Deep in View by Cola Album review by Greg Walker for Northern Transmissions

Next Door Records/Fire

8.7

Cola

Deep in View

The same day that Ought, the beloved post-punk, indie darlings announced their break up in 2021, they announced a new band with Tim Darcy, bassist Ben Stidworthy, and U.S. Girls’ drummer, Evan Cartwright. Not every break up is so promising. Cartwright and Darcy joined up during Darcy’s solo album tour, an album that gives a little guess at the direction the new band would take: more melodic, more funky, more dynamics altogether. Or a different dynamic.

It’s not always that we’re so lucky to see an artist’s reinvention of themselves, after the pressure of delivering what the people want latches hold. Perhaps Ought would have naturally gone in this direction, but the addition of Cartwright’s funkiness and their new style of writing, long-distance, seemed to have added a real flavor to the affair. The pandemic only solidified this new remote way of writing.

Cola, a band name that takes from a lyric from one of the songs (“We had pulled over and were enjoying soda / A beverage bound by laws older than man to / Poison most ordinary life on earth”) also happens to be the acronym for Cost Of Living Adjustment, the machination to make allowance for inflation in Social Security. Inflation: something we know a bit about in these days of economic uncertainty. They write music for our uncertain times: “I feel abrasions like a seawall feels the rain.”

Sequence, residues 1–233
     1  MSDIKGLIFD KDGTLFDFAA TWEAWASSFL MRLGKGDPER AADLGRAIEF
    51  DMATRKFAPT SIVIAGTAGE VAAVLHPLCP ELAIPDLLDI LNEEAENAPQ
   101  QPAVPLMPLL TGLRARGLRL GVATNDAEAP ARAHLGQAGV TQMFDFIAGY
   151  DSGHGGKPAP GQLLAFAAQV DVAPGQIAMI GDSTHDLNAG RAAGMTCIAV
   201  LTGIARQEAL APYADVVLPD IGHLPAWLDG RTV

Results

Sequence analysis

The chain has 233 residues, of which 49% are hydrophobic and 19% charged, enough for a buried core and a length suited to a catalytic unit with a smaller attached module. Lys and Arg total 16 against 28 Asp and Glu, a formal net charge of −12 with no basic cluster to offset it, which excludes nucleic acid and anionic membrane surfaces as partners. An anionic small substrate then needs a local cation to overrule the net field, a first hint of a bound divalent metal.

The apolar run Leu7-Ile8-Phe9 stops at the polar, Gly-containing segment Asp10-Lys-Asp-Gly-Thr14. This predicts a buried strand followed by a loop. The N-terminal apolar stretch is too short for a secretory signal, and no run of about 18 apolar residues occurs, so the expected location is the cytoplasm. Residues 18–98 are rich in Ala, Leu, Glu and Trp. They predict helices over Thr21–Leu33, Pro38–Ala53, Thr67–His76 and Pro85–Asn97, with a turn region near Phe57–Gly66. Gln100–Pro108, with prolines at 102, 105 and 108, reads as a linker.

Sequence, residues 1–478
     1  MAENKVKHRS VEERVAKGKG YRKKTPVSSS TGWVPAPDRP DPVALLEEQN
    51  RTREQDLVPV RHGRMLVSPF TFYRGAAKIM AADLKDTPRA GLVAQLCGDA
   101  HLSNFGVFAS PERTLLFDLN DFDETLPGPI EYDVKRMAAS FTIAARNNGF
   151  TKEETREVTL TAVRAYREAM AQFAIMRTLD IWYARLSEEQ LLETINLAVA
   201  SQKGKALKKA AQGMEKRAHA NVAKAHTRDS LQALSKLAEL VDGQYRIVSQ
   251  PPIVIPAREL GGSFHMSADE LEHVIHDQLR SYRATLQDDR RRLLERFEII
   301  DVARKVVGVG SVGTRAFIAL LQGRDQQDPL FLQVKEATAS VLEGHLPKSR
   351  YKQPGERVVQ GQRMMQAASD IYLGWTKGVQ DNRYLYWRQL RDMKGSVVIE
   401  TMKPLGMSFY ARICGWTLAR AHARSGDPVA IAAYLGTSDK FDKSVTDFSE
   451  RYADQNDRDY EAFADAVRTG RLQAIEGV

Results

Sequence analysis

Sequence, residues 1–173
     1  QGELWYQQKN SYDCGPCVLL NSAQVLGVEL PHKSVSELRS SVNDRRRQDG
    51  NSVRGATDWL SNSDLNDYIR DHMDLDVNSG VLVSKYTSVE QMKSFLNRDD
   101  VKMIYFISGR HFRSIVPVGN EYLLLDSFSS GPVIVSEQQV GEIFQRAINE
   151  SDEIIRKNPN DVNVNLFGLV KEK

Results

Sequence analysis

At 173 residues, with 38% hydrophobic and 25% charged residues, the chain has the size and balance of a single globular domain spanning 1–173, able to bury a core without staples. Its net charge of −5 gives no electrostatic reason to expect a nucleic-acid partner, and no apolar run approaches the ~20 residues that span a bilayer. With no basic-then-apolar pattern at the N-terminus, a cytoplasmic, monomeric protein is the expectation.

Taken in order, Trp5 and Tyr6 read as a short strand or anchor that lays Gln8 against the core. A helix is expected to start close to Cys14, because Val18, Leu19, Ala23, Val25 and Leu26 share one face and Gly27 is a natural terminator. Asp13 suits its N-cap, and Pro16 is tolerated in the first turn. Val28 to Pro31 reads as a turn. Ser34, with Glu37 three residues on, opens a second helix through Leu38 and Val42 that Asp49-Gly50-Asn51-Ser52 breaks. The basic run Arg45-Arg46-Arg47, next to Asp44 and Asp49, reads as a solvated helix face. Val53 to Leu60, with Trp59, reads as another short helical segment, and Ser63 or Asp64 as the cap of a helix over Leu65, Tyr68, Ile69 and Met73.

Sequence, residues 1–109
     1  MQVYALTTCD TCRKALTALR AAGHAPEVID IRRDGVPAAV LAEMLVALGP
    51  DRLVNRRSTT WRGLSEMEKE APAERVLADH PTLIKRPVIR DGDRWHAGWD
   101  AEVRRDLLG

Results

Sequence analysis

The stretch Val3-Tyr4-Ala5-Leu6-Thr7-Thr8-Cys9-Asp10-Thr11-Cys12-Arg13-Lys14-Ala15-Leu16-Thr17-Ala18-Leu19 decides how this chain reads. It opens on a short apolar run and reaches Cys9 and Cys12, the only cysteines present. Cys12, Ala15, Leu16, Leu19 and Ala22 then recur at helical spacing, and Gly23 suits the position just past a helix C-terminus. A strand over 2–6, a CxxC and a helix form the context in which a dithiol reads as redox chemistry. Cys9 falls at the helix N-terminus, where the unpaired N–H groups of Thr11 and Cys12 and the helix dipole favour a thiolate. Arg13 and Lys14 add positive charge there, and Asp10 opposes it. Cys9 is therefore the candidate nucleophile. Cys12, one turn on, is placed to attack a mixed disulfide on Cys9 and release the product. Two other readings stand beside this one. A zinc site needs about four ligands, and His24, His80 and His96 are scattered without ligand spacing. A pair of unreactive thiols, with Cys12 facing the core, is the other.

They write about growing mint to make tea on the jangly “Mint” (“Make an ordinary tea / Set alarms to know to eat”). Sing about the “metropolitan stain” and their “seedy way” on the four-on-the-floor “Met Resistance.” On their album’s lead single, “Blank Curtain,” the first sign that Darcy and friends were going in a bit of a different direction, they sing, “There’s a rosary of patient pain, a second and it’s lost / I wish it could be easy on you, that I could reduce the cost… / of the Blank curtain.”

Darcy’s way with words and the trio’s way with music make this an album worth the hype. It’s a treat for anyone who would want to see what seasoned artists can do with reinvention, resurrection. On the album closer, “Landers,” which is just simple, moody piano and Darcy’s spoken word (a fitting anti-climax to a jangly, lively record), he says, “I swore I would uphold some kind of truth in my time / About what I would consider sacred / And I am considering now the possibility that I am air escaping from a cave / Next to a dirty highway.” He continues to add his unique and intelligent perspective to the modern noise, and like us all, is coming out his forced isolation, to grace us with a little fresh air.

Purchase Fulton Park by Cola HERE